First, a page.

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United States v. Rivers

United States District Court, D. New Jersey

September 20, 2019

UNITED STATES OF AMERICA
v.
FRED RIVERS

         Not for Publication

          OPINION

          Esther Salas, U.S.D.J.

         I. Introduction

         After the close of the Government’s evidence in this matter, counsel for defendant Fred Rivers (“Defendant”) made an “oral application for a Rule 29 motion for judgment of acquittal.” (D.E. No. 70 (“Vol. II”) at 457:7–9). Under Federal Rule of Criminal Procedure 29(b), the Court “reserve[d] its decision on [D]efendant’s motion and . . . proceed[ed] with trial.” (Id. at 457:15– 18). The jury ultimately acquitted Defendant on Count One of the Indictment (D.E. No. 11)- receiving bribes in violation of 18 U.S.C. § 201(b)(2)(A) & (C)-but convicted him on Count Two-conspiring to defraud the United States in violation of 18 U.S.C. § 371. (D.E. No. 62; D.E. No. 68 (“Vol. IV”) at 715:5–18).

         On July 25, 2019, Defendant formally moved with a “Motion for a Judgment of Acquittal [on Count Two] pursuant to Fed. R. Crim. P. 29(c), or in the alternative, Motion for a New Trial pursuant to Fed. R. Crim. P. 33” (D.E. No. 72 (“Def. Br.”) at 1), which the Government opposed (D.E. No. 73 (“Gov. Br.”)). The Court has considered the record and the parties’ briefs and, for the reasons discussed below, DENIES Defendant’s motion.

         II. Motion for a Judgment of Acquittal

         A. Legal Standard

         Under Federal Rule of Criminal Procedure 29, the Court “must uphold the jury’s verdict unless no reasonable juror could accept the evidence as sufficient to support the defendant’s guilt beyond a reasonable doubt.” United States v. Fattah, 914 F.3d 112, 182–83 (3d Cir. 2019) (emphasis added). In reviewing the sufficiency of the evidence, [1] the Court must view the evidence in the “light most favorable” to the Government, id. at 183, and “must be ever vigilant . . . not to usurp the role of the jury by weighing credibility and assigning weight to the evidence, or by substituting its judgment for that of the jury.” United States v. Flores, 454 F.3d 149, 154 (3d Cir. 2006). “A finding of insufficiency should be confined to cases where the prosecution’s failure is clear.” United States v. Brodie, 403 F.3d 123, 133 (3d Cir. 2005) (internal quotation marks omitted). Hence “[t]he burden on a defendant who raises a challenge to the sufficiency of the evidence is extremely high.” United States v. Lore, 430 F.3d 190, 203 (3d Cir. 2005).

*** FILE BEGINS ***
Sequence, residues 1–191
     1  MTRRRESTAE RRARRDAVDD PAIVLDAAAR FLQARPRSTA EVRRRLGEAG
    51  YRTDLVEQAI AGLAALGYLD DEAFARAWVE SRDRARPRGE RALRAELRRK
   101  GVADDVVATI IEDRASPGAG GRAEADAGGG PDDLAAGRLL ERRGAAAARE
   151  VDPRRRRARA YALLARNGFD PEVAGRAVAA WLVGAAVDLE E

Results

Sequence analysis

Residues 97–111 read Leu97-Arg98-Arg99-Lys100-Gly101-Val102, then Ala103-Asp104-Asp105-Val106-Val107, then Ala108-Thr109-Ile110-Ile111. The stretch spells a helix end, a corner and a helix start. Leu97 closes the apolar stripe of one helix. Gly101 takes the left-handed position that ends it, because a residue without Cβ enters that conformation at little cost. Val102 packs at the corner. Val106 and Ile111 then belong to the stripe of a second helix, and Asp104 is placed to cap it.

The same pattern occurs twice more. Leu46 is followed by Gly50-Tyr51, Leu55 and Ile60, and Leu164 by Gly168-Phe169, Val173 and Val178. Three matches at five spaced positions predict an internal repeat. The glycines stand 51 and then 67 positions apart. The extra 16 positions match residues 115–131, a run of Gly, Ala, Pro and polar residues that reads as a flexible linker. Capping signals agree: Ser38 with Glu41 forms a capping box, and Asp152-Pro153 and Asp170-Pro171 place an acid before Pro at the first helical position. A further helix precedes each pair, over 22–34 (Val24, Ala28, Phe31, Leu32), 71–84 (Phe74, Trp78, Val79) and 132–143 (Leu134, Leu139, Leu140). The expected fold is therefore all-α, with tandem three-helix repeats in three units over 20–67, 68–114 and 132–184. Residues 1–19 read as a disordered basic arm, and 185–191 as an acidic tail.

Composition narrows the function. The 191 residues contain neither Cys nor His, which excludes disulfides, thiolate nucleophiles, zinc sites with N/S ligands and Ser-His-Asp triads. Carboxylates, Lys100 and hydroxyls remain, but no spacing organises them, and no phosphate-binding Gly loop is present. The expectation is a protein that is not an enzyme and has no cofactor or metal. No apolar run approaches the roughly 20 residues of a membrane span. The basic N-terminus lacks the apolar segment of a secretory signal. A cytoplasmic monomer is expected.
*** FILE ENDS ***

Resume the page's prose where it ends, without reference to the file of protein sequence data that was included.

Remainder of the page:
B. Overview of Count Two

         “To sustain its burden of proof on the crime of conspiracy to defraud the United States, the [G]overnment had to prove [beyond a reasonable doubt]: (1) the existence of an agreement; (2) an overt act by one of the conspirators in furtherance of the objective; and (3) an intent on the part of the conspirators to agree as well as to defraud the United States.” United States v. Gambone, 314 F.3d 163, 176 (3d Cir. 2003). More specifically, Jury Instruction Number 16-based on the Circuit’s Model Criminal Jury Instruction 6.18.371A and not contested by either party-defines the elements of Count Two as follows:

First: That two or more persons agreed “to defraud the United States, ” as charged in the Indictment. “Defraud the United States, ” means to cheat the United States government or any of its agencies out of money or property. It also means to obstruct or interfere with one of the United States government’s lawful functions, by deceit, craft, trickery, or dishonest means;
Second: That the defendant was a party to or member of that agreement;
Third: That the defendant joined the agreement or conspiracy knowing of its objective to defraud the United States and intending to join together with at least one other conspirator to achieve that objective; that is, that the defendant and at least one other alleged conspirator shared a unity of purpose and the intent to achieve a common goal or objective, to defraud the United States; and
Fourth: That at some time during the existence of the agreement or conspiracy, at least one of its members performed an overt act in order to further ...

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